Cybersecurity Europe Insights

Consumers’ Egos Could Be Their Downfall When It Comes to Spotting Deepfakes Reveals Jumio

Jumio, the provider of automated, end-to-end identity proofing, risk assessment and compliance solutions, has released the second instalment of its annual global consumer research. This year’s results highlight an understanding among consumers of how generative AI and deepfake technologies could accelerate identity fraud. While consumers appreciate the need for tech protection, the study also found they overestimate their abilities to spot deepfakes, which can render them even more vulnerable to attack.

The study, titled Jumio 2023 Online Identity Study and conducted by Censuswide, examined 8,055 adult consumers split evenly across the United Kingdom, United States, Singapore and Mexico. Over two-thirds (67 per cent) say they are aware of generative AI tools such as ChatGPT, DALL-E and Lensa AI. All of which can produce fabricated content, including videos, images and audio. Awareness was highest among consumers in Singapore (87 per cent) and lowest among those in the UK (56 per cent).

An underestimation of the sophistication of the technologies

Awareness of generative AI and deepfakes among consumers is high — 52 per cent of respondents believe they could detect a deepfake video. This sentiment reflects over-confidence on the part of consumers. Especially given the reality that deepfakes have reached a level of sophistication that prevents detection by the naked eye.

This is concerning given that recent figures from UK Finance, for example, found that impersonation scams cost the UK £177million in 2022. The research specifically highlighted how scams becoming harder to spot as warning signs have been driving this trend. For example, typos or fake-looking websites are less prevalent due to the use of generative AI tools.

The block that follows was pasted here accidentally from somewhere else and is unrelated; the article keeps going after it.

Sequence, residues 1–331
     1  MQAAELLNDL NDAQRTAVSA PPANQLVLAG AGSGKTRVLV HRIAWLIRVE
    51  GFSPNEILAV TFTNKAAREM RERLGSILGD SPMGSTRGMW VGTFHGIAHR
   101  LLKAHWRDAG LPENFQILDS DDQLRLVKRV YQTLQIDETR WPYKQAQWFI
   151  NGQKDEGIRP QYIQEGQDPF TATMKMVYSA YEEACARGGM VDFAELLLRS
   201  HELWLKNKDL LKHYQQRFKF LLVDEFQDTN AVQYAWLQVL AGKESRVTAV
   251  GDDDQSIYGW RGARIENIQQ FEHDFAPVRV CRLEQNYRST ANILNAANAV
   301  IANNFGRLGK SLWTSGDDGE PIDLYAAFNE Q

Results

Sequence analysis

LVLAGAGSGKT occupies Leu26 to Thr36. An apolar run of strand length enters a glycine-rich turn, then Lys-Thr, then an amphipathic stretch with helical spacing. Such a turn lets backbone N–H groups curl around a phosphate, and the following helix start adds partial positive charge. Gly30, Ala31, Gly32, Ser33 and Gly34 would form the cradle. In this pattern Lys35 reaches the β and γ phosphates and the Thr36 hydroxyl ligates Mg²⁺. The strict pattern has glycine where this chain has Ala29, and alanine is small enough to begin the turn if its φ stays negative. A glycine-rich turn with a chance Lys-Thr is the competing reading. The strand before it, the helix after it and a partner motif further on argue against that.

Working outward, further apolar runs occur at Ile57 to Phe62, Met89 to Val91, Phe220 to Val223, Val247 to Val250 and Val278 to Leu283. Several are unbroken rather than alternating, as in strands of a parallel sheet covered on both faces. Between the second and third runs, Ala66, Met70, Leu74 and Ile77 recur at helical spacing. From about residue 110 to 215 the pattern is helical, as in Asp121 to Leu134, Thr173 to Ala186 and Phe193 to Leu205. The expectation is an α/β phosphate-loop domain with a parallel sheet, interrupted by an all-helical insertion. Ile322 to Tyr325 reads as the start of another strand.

Jumio data also shows a steady uptick in the use of increasingly sophisticated deepfakes across the globe and across industries. There is a notable presence in the payments and crypto sectors.

“A lot of people seem to think they can spot a deepfake. While there are certainly tell-tale signs to look for, deepfakes are getting exponentially better all the time and are becoming increasingly difficult to detect without the aid of AI,” said Stuart Wells, Jumio’s chief technology officer.

“While AI-powered technology will increasingly be required by businesses to spot and protect their networks and customers from deepfakes, consumers can protect themselves by treating provocative images, videos and audio with skepticism. Some quick research will usually uncover whether it’s a fake or not.”

Awareness shifts to understanding of potential harmful use

As consumers become more aware of these technologies, there is also an emerging understanding of how they could be used to fuel identity theft. Over half (57 per cent) believe that online identity theft will become easier as a result, and consumers in Singapore showed the highest level of understanding of their potential harmful use (73 per cent). These levels decrease among consumers in Mexico (62 per cent), the US (49 per cent) and the UK (43 per cent).

The onus is on businesses to educate and better protect

“Organisations have a duty to educate their customers on the nuances of generative AI technologies to help them develop more realistic expectations of their ability to detect deepfakes,” said Philipp Pointner, Jumio’s chief of digital identity. “At the same time, even the best education will never be able to completely stop a fraudster’s use of evolving technologies.

“Online organisations must look to implement multimodal, biometric-based verification systems that can detect deepfakes. They must also prevent stolen personal information from being used. Encouragingly, our research indicated a strong consumer appetite for this form of identity verification. Consequently, businesses should act fast.”

The survey found that over two-thirds (68 per cent) of consumers are open to using a digital identity to verify themselves online. The top sectors where they would prefer a digital identity over a physical ID (like a driver’s license or passport) are financial services (43 per cent), government (38 per cent) and healthcare (35 per cent).



  • Francis is a journalist and our lead LatAm correspondent, with a BA in Classical Civilization, he has a specialist interest in North and South America.

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